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Milwaukee authorities have identified the five victims who were killed by a co-worker during a shooting rampage at the Molson Coors Beverage Co. campus Wednesday, and they also identified the suspected gunman who died from a self-inflicted gunshot wound.
The victims are Jesus Valle Jr., 33, of Milwaukee; Gennady Levshetz, 61, of Mequon; Trevor Wetselaar, 33, of Milwaukee; Dana Walk, 57, of Delafield, and 50-year-old Dale Hudson of Waukesha.
During a news briefing on Thursday, Molson Coors CEO Gavin Hattersley said they were powerhouse operators, machinists and electricians.
“But more importantly, they were husbands, they were fathers and they were friends,” Hattersley said. “They were part of the fabric of our company and our community and we will miss them terribly.”
The Molson Coors facility in Milwaukee. An employee at the historic Molson Coors facility shot and killed five co-workers Wednesday afternoon and then turned the gun on himself. In total, six people were killed Wednesday. (AP Photo/Morry Gash)
Milwaukee police identified the suspected shooter as Anthony N. Ferrill, 51, who worked for the brewing giant for 17 years as an electrician. Police Chief Alfonso Morales did not release a motive for the killings, but the Milwaukee Journal Sentinel said Ferrill had a long-running feud with another co-worker that erupted just before the shooting.
A co-worker told the newspaper that Ferrill believed he was being discriminated against because he was African-American. The source said he frequently watched movies on his phone during the day, leading to disputes between him and another electrician, who was one of Wednesday’s victims.
At one point, the pair accused each other of stealing tools and tampering with computer equipment in their respected offices, the paper said.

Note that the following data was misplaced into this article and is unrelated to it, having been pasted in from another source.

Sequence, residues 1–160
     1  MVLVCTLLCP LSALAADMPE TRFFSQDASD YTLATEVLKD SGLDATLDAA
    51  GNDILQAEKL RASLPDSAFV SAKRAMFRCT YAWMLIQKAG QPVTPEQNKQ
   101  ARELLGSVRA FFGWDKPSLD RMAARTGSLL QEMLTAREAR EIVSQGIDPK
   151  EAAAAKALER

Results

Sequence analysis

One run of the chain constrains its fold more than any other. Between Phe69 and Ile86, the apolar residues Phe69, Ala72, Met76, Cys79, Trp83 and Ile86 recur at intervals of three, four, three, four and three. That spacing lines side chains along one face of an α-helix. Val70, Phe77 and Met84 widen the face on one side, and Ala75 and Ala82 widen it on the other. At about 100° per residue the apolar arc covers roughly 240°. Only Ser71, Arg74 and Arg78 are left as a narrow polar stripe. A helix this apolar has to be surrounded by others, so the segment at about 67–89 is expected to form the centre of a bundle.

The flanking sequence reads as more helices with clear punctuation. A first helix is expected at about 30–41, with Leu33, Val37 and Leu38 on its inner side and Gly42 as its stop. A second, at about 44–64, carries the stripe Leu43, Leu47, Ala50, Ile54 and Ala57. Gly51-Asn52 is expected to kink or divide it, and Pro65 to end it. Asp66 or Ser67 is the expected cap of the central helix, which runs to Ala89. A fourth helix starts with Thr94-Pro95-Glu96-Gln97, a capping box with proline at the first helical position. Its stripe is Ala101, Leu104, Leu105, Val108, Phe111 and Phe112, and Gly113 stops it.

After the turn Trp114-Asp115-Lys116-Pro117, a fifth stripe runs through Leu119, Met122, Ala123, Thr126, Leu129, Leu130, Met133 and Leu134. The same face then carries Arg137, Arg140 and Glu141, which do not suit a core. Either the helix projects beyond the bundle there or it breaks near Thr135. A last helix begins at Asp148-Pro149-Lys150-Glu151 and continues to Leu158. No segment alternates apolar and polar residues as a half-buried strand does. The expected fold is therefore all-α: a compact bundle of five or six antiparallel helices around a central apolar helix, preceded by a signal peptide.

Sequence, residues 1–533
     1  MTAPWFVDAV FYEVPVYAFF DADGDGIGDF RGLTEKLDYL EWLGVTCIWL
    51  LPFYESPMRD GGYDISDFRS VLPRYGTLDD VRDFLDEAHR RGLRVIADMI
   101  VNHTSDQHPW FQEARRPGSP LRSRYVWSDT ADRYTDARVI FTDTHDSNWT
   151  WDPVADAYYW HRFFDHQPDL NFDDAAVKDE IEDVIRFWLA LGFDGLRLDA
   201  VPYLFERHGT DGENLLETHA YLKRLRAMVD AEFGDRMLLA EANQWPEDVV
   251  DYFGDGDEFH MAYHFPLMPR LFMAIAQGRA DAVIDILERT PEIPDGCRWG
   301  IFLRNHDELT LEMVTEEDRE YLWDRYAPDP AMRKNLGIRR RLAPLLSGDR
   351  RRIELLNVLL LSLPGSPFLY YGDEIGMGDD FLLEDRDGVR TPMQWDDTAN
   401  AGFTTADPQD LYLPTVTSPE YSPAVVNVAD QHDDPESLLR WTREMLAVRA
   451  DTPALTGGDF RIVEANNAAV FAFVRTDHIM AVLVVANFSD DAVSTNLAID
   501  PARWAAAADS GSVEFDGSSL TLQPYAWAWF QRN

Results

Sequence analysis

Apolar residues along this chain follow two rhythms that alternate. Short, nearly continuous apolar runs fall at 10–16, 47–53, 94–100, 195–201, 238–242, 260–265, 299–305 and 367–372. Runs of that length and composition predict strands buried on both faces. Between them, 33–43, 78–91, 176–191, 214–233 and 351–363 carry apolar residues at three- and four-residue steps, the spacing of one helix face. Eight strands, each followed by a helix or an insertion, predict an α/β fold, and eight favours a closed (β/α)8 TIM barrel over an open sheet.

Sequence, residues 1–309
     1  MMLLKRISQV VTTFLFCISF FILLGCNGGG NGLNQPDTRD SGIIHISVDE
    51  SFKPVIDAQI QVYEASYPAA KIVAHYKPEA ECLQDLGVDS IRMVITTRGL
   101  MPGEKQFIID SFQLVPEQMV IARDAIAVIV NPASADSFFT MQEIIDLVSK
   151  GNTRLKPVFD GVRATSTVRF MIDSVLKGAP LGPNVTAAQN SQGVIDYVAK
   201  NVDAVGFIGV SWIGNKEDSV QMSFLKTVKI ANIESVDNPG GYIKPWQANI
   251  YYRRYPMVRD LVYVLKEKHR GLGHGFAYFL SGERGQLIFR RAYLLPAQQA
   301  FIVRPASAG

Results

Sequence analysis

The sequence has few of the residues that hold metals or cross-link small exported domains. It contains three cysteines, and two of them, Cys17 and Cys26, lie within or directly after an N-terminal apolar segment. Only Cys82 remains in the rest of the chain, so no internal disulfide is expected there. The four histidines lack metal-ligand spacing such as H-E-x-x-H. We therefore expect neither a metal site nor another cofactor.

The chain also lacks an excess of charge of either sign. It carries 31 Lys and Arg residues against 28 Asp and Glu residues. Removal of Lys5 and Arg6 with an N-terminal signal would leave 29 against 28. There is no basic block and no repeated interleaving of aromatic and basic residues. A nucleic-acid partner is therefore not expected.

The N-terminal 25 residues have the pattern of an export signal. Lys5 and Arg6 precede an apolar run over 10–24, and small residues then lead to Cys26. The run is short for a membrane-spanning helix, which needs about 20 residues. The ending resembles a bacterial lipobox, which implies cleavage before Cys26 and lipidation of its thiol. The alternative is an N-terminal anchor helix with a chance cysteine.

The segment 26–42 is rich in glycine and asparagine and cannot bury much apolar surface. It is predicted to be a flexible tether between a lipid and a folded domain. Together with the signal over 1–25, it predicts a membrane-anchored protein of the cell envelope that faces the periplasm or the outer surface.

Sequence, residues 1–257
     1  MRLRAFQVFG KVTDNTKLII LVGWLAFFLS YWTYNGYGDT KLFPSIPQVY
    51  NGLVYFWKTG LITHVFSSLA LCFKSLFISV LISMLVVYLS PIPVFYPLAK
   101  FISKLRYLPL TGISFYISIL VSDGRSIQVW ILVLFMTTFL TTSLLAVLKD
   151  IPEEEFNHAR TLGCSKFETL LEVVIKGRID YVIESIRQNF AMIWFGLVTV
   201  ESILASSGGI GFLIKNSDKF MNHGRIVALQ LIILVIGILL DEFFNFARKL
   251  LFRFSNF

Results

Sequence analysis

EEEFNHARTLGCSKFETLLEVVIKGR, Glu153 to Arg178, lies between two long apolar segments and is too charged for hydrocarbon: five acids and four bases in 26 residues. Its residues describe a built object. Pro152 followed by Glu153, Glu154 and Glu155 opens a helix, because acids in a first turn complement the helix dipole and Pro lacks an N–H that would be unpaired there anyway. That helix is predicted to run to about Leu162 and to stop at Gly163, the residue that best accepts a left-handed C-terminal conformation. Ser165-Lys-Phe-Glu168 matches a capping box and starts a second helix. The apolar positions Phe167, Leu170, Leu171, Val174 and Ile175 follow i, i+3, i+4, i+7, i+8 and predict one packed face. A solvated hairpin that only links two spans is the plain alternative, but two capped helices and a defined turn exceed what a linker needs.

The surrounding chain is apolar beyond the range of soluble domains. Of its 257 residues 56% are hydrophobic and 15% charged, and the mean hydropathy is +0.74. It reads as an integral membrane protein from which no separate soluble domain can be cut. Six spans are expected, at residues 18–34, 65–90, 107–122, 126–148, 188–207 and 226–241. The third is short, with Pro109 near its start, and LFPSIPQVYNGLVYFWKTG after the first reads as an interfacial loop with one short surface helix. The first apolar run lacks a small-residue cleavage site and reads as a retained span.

Milwaukee police said five people were killed by a gunman who also died from an apparent self-inflicted gunshot wound at the Molson Coors Brewing Co. campus Wednesday.
Ferrill also believed co-workers bugged a computer inside his home and moved chairs around, the paper reported. The Milwaukee Police Department and the city did not respond to messages and calls from Fox News.
Authorities said a gunman killed five people at the Molson Coors facility Wednesday before turning the gun on himself. The chaos sent the more than 1,000 workers on the campus at the time looking for shelter.
The company notified employees of the workplace shooting via email and text message alerts just before 2:10 p.m.
“There are five individuals who went to work today, just like everybody goes to work,” Mayor Tom Barrett said Wednesday night. “And they thought they were going to go to work, finish their day and return to their families. They didn’t and tragically they never will.”
Police officers, FBI agents and law enforcement personnel from various federal agencies responded to the scene in the Miller Valley neighborhood.
Co-workers of Ferrill reacted with surprise to the news that he was the shooter, the newspaper reported.
Police respond to reports of an active shooting at the Molson Coors Brewing Co. campus in Milwaukee on Wednesday. (AP Photo/Morry Gash)
“He was a very good electrician, a very good worker and I couldn’t say anything bad about the guy,” said Phillip Rauch Sr., who worked with Ferrill for 15 years before retiring in April. “Every time I worked with him he was always in a good mood.”
Another co-worker told the Journal Sentinel he saw Ferrill earlier this week.
“I never had a clue. I talked to him a couple of days ago and he seemed fine to me,” Giese said. “I had no idea that there was a problem, that somebody could snap like that.”
Police were at Ferrill’s home Thursday. A neighbor told the newspaper he was a gun collector.
“I knew he was interested in guns,” Elizabeth LaPine said.
Molson Coors corporate offices will be closed for the rest of the week and the iconic 160-year-old brewery will stay closed for an extended period, Hattersley said.
A vigil for the victims will be held at The Ridge Community Church at 7 p.m. Thursday, located a few miles from the Molson Coors campus. Wisconsin Gov. Tony Evers ordered flags in the state to be lowered at half-staff Thursday.